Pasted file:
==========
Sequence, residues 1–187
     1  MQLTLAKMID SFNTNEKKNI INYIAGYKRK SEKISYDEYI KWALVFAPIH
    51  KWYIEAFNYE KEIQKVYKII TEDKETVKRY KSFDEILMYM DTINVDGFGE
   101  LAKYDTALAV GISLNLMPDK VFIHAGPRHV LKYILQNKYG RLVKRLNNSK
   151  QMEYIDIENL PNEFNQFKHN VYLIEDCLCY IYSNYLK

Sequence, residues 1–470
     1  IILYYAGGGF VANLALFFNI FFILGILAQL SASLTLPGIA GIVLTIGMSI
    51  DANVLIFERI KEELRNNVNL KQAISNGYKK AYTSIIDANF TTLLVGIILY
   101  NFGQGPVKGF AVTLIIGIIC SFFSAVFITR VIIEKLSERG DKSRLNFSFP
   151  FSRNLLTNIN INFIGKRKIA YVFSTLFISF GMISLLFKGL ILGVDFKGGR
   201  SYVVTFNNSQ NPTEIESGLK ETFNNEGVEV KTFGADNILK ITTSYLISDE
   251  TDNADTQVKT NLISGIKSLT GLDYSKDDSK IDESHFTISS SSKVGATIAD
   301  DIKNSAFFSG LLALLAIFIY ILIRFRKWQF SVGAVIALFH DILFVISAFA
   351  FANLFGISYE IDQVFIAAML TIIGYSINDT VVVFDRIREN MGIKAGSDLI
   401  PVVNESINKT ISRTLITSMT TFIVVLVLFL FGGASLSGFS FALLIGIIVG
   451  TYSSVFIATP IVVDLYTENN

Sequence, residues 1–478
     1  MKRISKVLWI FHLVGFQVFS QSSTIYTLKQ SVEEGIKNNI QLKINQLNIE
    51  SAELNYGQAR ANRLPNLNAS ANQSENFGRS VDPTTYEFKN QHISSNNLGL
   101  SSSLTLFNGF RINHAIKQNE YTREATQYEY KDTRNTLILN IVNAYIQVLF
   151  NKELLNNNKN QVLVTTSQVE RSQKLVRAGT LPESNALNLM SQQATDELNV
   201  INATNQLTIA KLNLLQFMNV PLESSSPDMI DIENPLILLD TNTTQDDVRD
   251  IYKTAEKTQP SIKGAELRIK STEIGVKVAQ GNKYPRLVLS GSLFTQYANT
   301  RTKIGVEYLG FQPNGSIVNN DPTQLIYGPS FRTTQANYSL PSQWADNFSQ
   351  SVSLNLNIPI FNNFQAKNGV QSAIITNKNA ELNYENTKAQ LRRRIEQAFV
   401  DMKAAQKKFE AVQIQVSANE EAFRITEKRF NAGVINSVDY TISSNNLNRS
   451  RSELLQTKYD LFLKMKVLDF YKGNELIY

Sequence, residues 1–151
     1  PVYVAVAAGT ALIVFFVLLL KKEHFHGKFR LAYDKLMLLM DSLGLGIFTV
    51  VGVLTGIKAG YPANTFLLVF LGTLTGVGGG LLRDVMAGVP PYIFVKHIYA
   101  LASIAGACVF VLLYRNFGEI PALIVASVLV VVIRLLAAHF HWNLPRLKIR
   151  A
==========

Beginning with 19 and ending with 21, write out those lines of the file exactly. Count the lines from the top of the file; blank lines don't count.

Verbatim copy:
    51  SAELNYGQAR ANRLPNLNAS ANQSENFGRS VDPTTYEFKN QHISSNNLGL
   101  SSSLTLFNGF RINHAIKQNE YTREATQYEY KDTRNTLILN IVNAYIQVLF
   151  NKELLNNNKN QVLVTTSQVE RSQKLVRAGT LPESNALNLM SQQATDELNV